Spring has finally sprung, with all-day sunshine and temperatures moving into the meaty part of the 70s—at least down here in the South. As my northern colleagues still work to shake off the snow and the bone-chilling cold, my thoughts have turned toward the gradually awakening outside world and all its warming, soul-gladdening possibilities. I always look forward to reading books that match my mood, the season, or both, and April has a host of excellent options. Here are three:

Rain: A Natural and Cultural History by Cynthia Barnett

Other than blooming flowers, what’s more quintessentially “spring” than rain showers? In this “multifaceted examination of the science, the art, the technology, and even the smell of rain throughout history,” Barnett delivers a variety of fascinating stories about this indispensable part of the natural world.

Passion for Paris: Romanticism and Romance in the City of Light by David Downie

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Paris in spring is loaded with newfound energy, bursting flowers, and romantic possibilities, and Downie dives headlong into a history of the city in the 19th century, when Hugo, Dumas, Delacroix, and so many others were active in the City of Light. As our reviewer astutely notes, “the author’s encyclopedic knowledge of the city and its artists grants him a mystical gift of access: doors left ajar and carriage gates left open foster his search for the city’s magical story.”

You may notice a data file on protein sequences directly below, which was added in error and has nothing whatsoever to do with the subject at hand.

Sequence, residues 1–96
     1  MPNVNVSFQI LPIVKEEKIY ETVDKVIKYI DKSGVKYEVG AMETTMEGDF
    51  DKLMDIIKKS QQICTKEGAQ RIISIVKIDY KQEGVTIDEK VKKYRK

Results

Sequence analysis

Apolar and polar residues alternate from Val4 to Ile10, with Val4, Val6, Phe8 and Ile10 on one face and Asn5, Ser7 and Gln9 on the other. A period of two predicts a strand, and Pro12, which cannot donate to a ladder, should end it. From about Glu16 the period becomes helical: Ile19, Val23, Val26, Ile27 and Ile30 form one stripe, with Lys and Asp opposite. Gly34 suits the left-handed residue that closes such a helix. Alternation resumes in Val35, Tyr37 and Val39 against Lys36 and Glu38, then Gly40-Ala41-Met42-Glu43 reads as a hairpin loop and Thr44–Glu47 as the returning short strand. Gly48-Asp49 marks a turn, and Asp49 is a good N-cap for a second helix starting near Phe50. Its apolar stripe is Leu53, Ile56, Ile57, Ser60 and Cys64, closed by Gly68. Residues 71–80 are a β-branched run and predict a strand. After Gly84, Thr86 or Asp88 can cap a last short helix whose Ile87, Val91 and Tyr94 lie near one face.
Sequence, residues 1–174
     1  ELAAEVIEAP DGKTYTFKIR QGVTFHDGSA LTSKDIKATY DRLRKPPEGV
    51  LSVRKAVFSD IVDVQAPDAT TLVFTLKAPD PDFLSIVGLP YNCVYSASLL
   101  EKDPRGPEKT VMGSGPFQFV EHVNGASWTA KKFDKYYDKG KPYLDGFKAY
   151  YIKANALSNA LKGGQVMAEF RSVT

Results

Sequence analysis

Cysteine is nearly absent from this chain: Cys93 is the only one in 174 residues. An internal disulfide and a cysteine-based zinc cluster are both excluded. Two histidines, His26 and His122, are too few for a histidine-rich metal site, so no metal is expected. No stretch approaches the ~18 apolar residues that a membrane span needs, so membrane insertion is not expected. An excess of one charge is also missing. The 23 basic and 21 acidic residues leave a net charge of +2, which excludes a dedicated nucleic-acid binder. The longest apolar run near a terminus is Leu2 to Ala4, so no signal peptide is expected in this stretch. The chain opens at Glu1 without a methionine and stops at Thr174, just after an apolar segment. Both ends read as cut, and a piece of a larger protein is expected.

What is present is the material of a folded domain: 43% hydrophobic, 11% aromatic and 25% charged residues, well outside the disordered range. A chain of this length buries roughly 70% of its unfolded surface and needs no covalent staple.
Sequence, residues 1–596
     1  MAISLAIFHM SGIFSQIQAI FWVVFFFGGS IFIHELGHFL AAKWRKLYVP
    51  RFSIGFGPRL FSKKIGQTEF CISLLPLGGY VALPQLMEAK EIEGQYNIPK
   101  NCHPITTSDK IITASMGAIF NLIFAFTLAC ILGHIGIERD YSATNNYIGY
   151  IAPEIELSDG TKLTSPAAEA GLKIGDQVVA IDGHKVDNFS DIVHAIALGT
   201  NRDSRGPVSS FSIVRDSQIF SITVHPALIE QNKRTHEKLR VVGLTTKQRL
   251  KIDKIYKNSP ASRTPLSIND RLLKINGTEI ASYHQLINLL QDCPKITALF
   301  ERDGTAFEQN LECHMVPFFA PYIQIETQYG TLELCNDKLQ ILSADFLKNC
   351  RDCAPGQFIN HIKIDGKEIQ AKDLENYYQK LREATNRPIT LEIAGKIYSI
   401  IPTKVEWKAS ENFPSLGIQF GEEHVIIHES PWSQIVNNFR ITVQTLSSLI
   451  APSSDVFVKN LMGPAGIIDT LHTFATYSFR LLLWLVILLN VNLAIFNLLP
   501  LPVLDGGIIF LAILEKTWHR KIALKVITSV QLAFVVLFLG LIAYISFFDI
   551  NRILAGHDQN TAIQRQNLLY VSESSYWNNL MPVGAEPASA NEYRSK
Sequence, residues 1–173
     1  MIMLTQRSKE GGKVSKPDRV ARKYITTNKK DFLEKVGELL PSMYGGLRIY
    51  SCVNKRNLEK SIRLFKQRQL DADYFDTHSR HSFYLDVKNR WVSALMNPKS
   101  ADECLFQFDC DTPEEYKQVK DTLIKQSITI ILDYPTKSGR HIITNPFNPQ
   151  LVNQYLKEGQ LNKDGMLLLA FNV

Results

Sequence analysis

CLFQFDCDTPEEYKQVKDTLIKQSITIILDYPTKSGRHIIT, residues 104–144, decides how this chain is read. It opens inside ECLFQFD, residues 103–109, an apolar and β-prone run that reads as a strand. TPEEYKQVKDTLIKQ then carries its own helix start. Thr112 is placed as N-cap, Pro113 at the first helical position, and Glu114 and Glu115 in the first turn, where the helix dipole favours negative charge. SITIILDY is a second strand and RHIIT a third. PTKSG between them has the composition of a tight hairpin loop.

All the Wild that Remains: Edward Abbey, Wallace Stegner, and the American West by David Gessner

Where would the health of the American West’s natural landscape be without Abbey and Stegner? In his latest book, creative writing instructor Gessner engagingly investigates the lives of these two vital figures in the history of American environmentalism. “For all their differences in style, they converged in recognizing the increasing vulnerability of the West to drought, fires, fracking, and overwhelming tourism,” writes our reviewer. —E.L.

Eric Liebetrau is the nonfiction and managing editor.